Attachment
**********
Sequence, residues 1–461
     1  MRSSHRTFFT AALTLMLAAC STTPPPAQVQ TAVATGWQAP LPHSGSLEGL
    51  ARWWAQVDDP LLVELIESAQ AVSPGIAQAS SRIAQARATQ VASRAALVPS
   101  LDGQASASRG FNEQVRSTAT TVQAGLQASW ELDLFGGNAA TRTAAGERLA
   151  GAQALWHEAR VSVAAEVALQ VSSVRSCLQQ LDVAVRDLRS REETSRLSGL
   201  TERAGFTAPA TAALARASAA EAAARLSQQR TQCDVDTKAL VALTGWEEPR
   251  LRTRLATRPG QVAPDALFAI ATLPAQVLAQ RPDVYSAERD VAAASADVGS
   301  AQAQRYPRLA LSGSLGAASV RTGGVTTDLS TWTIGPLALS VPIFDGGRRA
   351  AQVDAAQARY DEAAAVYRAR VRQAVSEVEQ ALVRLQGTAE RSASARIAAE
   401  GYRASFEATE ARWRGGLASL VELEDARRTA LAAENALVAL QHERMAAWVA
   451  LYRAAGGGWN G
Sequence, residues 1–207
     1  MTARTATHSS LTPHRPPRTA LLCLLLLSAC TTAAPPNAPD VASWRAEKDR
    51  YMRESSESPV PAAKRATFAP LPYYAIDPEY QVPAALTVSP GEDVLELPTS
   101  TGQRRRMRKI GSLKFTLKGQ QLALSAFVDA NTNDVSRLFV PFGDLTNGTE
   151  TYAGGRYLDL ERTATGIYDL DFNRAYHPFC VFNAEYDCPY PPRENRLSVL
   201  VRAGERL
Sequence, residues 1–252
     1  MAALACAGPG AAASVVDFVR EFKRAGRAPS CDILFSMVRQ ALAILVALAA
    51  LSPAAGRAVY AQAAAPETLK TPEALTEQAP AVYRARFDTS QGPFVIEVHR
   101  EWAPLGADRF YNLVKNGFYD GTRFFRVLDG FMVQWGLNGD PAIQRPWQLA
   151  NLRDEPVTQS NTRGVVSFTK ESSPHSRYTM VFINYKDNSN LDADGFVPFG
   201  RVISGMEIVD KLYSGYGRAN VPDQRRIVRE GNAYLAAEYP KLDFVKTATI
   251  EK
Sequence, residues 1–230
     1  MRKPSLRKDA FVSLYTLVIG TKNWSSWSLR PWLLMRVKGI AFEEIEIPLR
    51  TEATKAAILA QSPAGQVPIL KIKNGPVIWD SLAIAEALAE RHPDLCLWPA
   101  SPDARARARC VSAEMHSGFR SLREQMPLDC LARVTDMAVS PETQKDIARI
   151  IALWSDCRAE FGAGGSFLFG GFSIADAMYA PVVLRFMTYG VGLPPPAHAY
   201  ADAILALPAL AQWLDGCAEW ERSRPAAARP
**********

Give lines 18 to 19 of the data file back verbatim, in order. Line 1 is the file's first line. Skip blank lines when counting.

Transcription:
Sequence, residues 1–252
     1  MAALACAGPG AAASVVDFVR EFKRAGRAPS CDILFSMVRQ ALAILVALAA